These brightly coloured blennies are a popular choice for home aquariums, but it turns out they harbour a fascinating evolutionary secret in their (relatively) giant fangs.
Stepping away from the traditional take on chemical defense, fang blennies turned to venom whose neuropeptide and opioid components seem to cause a sudden drop in blood pressure, leaving a would-be predator dazed an unable to pursue the fish.
In new experiments using lab mice, Fry and colleagues found that the rodents that were injected with the fish venom did not show signs of pain. What is unusual is that the bite is entirely painless, because the venom contains opioids that act like an analgesic instead of causing pain. When the team of scientists injected the paws of mice with fang blenny venom, they did not seem to appear distressed; but, their blood pressure "plummeted by almost 40 percent".
An analysis of the venom found three venom components - a neuropeptide that occurs in cone snail venom, a lipase similar to one from scorpions, and an opioid peptide.
The reef is one of the Australian habitats for the fang blenny but warmer ocean temperatures are thought to have caused destructive coral bleaching. This offers an entirely new avenue for the development of novel painkillers. They don't make use this venom for capturing their prey. After putting the angry blenny back in its tank, they would extract the venom from the swab. One causes mild pain, explaining Losey's discomfort when he was bitten.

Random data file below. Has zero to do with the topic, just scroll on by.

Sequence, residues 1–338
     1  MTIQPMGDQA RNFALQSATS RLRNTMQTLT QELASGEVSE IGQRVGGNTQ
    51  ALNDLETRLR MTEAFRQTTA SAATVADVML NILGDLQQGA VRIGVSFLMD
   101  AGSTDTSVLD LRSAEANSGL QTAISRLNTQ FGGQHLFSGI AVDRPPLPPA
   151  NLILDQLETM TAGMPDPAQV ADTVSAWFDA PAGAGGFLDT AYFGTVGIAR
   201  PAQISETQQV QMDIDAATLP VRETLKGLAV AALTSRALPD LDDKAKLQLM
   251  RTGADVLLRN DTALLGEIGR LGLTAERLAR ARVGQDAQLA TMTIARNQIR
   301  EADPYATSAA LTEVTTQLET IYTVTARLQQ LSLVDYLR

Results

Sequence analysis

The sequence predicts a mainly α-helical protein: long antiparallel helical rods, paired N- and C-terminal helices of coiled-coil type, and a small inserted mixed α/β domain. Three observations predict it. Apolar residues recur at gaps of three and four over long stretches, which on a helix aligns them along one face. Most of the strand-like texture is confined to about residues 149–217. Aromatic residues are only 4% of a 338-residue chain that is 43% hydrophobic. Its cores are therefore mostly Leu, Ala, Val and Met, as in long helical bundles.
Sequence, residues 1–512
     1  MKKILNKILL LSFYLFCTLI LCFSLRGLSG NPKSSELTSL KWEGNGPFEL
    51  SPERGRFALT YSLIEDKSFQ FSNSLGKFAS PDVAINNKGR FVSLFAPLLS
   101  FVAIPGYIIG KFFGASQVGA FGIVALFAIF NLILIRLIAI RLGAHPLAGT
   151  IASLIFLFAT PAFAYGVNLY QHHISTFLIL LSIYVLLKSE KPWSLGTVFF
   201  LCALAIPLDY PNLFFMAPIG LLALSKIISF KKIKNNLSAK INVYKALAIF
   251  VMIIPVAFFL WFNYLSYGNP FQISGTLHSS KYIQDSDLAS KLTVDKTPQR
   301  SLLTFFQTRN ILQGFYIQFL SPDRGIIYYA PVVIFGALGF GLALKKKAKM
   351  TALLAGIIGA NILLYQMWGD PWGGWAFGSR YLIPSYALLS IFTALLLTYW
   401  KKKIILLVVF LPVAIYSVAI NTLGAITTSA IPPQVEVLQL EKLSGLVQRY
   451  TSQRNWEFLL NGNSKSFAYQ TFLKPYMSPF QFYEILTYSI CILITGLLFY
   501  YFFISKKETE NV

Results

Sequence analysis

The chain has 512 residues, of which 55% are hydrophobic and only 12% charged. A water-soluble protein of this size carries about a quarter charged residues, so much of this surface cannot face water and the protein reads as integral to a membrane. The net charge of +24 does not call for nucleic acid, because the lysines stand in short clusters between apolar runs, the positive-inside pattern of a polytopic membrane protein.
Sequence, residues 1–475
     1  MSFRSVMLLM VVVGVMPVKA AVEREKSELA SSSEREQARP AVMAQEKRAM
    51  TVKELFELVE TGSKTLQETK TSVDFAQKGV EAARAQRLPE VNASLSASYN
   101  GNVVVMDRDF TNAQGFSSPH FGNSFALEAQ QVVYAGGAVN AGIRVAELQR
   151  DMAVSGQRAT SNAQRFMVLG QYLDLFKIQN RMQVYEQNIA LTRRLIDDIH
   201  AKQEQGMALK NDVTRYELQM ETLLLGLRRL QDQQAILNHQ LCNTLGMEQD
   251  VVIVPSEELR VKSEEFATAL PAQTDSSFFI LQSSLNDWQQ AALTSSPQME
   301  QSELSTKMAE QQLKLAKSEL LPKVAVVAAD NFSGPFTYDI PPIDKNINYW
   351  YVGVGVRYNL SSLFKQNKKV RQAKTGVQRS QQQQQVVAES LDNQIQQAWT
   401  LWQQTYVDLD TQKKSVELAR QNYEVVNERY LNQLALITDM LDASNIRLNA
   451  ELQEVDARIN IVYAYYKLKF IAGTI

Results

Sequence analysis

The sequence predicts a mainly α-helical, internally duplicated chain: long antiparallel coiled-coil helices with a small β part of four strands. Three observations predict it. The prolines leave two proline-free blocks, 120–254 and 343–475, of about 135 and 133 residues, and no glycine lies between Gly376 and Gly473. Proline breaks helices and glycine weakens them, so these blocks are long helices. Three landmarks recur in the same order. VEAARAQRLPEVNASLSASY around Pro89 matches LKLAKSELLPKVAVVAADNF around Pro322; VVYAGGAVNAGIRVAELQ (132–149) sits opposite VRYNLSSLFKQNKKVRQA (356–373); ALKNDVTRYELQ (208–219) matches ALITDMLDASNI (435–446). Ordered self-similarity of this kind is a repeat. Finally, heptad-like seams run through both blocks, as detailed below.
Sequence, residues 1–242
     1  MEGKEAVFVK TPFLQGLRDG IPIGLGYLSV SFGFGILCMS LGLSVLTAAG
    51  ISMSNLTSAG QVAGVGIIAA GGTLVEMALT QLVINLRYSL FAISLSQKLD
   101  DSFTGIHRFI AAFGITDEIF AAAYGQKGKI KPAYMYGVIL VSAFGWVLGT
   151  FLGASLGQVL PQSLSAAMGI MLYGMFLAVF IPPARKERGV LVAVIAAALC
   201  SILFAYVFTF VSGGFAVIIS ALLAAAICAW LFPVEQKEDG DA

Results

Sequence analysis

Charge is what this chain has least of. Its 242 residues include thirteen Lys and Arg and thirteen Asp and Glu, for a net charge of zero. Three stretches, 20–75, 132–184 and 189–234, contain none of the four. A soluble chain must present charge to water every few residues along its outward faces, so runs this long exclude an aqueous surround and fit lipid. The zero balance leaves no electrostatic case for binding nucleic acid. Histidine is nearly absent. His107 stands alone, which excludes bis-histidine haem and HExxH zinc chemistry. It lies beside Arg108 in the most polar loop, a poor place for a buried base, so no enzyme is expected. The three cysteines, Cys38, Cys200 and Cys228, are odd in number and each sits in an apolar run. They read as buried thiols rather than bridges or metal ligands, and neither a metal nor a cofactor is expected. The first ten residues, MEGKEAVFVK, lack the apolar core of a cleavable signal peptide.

Bryan Fry: While we have known for a long time that fang blennies exist, their venom system has remarkably never been investigated.
If you want to see evolution at its most handsome and deadly, look no further than this tiny fish that puts its predators into a drugged stupor.
Unlike the toxins emitted by other poisonous fish, the venom isn't lethal.
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Scientists found that other fang blennies and small fishes that aren't venomous mimic the colors and patterns from the venomous fang blennies. "While the feeling of pain is not produced, opioids can produce sensations of extremely unpleasant nausea and dizziness", says Brian Fry.
Could new drugs be found in its unique venom?
The fang blenny is no bigger than 3 inches, and it has two large teeth (compared to their body size) that are filled with venom.
This is so effective that other, non-venomous species have evolved to look like the blenny.
Now an worldwide team of biologists has finally discovered what compounds are found in the venom that blennies from the Meiacanthus genus readily injected in Losey's skin back in the '70s.
Dr Casewell said: "These unassuming little fish have a really quite advanced venom system, and that venom system has a major impact on fishes and other animals in its community".
"If we lose the Great Barrier Reef, we will lose animals like the fang blenny and its unique venom".
Fry said the findings bolster the need to protect the Great Barrier Reef and other fragile ecosystems.